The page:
Correspondence relating to the Charter of Homosexual Rights

Scope and Content

The majority of these papers relate to Dyson's devising of the Charter for Homosexual Rights. Correspondents include politicians, 'agony aunts' and gay rights campaigners. Items of note include:

  • /2: Letter from D. Hillier of the Home Office, 3 October 1978. Hillier thanks Dyson for sending him Towards a Charter of Homosexual Rights and states that it will be circulated to the Policy Advisory Committee on Sexual Offences and the Criminal Law Revision Committee.
  • /6: Letter from John [Lord] Vaizey, 29 April 1978, on House of Lords paper. He orders 10 copies of "the pamphlet" and suggests several names for a "second list".
  • /11: Letter from Anna Raeburn, from Woman Editorial Department, 13 March 1978. She offers support to Dyson and expresses concern at the "current political situation".
  • /14: Letter from Bob Mellors (gay activist, 1950-1996), undated. He discusses at length his pamphlet, Dyson's Charter and the philosophy of homosexuality. Enclosed is the pamphlet 'Homosexuality: Androgyny and Evolution, a Simple Introduction', Quantum Jump publication no. 5.
  • /20: '"I Believe": A Speech on Christianity'. Typescript press release of a speech by Margaret Thatcher, 30 March 1978, on headed paper of the Conservative Party Central Office.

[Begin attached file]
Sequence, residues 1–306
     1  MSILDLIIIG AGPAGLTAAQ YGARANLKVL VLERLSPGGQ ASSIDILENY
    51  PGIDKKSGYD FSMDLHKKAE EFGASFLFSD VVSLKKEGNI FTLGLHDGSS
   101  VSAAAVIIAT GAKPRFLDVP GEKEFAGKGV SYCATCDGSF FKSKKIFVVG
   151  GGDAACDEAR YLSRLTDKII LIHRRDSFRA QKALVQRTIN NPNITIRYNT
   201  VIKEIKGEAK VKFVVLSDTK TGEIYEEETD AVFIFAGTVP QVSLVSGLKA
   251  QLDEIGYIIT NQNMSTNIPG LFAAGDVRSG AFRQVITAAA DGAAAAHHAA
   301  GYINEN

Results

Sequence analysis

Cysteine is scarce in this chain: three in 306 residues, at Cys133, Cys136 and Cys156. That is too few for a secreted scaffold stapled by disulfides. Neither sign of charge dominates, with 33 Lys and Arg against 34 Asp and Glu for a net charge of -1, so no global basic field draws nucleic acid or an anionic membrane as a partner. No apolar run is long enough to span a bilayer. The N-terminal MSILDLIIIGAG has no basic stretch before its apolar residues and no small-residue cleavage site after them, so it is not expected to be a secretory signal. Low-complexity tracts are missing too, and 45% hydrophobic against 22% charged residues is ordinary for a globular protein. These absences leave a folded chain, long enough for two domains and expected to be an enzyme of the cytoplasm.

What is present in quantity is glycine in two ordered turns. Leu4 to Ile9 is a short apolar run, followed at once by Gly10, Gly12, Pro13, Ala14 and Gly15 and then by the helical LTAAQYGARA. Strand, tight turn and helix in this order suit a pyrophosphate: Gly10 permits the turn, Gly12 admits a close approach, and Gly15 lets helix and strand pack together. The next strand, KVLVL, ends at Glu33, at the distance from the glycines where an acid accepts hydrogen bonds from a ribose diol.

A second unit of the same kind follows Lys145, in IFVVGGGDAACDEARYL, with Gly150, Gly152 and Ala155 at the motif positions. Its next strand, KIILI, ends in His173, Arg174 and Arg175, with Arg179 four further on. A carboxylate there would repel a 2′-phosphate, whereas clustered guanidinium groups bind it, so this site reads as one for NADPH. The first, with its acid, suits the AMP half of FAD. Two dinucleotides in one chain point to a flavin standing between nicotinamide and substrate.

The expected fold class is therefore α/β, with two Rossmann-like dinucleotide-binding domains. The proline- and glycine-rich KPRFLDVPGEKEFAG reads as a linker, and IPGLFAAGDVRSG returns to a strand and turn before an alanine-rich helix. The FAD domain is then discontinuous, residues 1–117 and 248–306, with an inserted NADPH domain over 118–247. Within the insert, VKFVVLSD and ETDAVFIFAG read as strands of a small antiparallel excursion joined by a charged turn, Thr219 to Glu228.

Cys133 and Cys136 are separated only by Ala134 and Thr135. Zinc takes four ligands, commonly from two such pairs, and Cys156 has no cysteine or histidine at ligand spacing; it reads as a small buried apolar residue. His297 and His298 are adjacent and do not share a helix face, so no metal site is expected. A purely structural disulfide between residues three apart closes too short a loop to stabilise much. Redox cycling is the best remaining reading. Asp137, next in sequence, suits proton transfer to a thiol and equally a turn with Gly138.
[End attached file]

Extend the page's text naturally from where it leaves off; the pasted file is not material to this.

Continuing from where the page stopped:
• /22: Letter from Marjorie Proops (1911-1996) of the Daily Mirror, 20 April 1978. She thanks Dyson for sending her a copy of the Charter and states that she will mention it when appropriate.
  • /29: Letter from Angus Maude MP (1912-1993) on House of Commons paper, dated 24 April 1978. He writes stating "how ahead of its time the 1969 Black Paper was". He also states that Dyson has "misapprehended Mrs [Margaret] Thatcher's attitude" and that "her only point of contact with Mrs [Mary] Whitehouse has been over pornography and obscene advertisements". He goes on to say that he "does not believe that the 1967 Act would be altered" and he expresses his frustrations at homosexuals who "provoke hostility unnecessarily by publicised flaunting of their distinctiveness".

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